Have you ever talked about an ex and referred to them as a narcissist? Or claimed they love-bombed you? You’re not alone. These are some of the most overused words when talking about relationships.

And there are a ton of other overused words that we throw around without really understanding what they mean. The problem is, when we constantly misuse serious terms, it dilutes their meaning.

So, let’s discuss what these overused words actually mean.

Most Overused Words


The term gaslighting comes from a 1944 film, but it didn’t gain popularity until the mid 2000’s. Since then, it’s become one of the most increasingly overused words.

Defined loosely, gaslighting means manipulating someone so that they begin to question their own reality.

It’s part of a pattern of abuse where the abuser consistently bullies, misleads, or manipulates their partner in order to make them question their own thoughts and perceptions. The abuser minimizes your thoughts, discredits you, belittles you, denies wrongdoing, shifts the blame, and may make you feel like you’re crazy.

A key word here is consistently. It’s a pattern. And the abuser knows they’re doing it. So, when your significant other tells you they didn’t leave the toilet seat up because they genuinely don’t remember doing it, it’s not gaslighting.


While not quite as overused as gaslighting, love-bombing is another one of those terms that is often misunderstood.

It’s a tactic often used by narcissists to influence and manipulate others with affection and attention. That can sound confusing, especially when you think about the fact that the early stages of dating almost always include increased amounts of affection and attention.

But with love-bombing, it’s over-the-top. It’s an excessive amount of praise, admiration, flattery, and grand romantic gestures. So, something like sending you a dozen roses every day for a week. That’s excessive. Or declaring that they’re in love with you after only a few dates.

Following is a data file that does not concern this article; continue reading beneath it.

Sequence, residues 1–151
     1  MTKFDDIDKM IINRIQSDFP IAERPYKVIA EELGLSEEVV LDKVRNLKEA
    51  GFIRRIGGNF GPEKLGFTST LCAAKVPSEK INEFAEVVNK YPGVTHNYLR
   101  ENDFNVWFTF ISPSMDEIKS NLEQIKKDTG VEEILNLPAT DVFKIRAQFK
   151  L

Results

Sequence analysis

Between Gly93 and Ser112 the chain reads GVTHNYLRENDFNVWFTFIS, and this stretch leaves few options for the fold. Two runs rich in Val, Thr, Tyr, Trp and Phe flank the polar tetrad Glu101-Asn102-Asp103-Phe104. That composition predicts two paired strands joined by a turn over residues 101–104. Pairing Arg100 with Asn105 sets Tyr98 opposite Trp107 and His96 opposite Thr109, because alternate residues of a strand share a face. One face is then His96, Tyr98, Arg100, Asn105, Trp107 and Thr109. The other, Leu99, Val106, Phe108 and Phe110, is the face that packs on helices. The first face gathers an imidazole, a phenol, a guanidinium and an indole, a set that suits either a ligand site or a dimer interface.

Related Read: Personal Story: Why Paying Attention To Red Flags is Important


This is one of the most commonly overused words in our daily vocabulary. We’re constantly using the term ‘narcissist‘ when describing a person who is self-centered, arrogant, or otherwise just an ass. And while those are qualities associated with narcissism, they don’t define a narcissist.

Instead, the term narcissist describes a person with narcissistic personality disorder. It refers to a pattern of extreme self-involvement, lack of empathy, and excessive need for attention and praise.

The key here is that with true narcissism, the self-involvement is extreme and causes a person to ignore the needs of everyone around them. It’s also rare, occurring in less than 5% of the population.

So, what people usually mean is that someone has narcissistic traits.

Psychopath vs. Sociopath

Psychopath and Sociopath might not be words we use excessively, but they’re commonly used incorrectly. Or rather, interchangeably. But, while they share similarities, they’re not the same.

Antisocial Personality Disorder (ASPD) is characterized by an extreme disregard for other people. Both psychopaths and sociopaths have antisocial tendencies. They also both lack empathy for others.

But psychopaths can usually cover their underlying nature more easily. They can appear charming and charismatic and use that to manipulate others. Sociopaths aren’t as charming. Rather, they’re erratic and impulsive and generally act out in anger.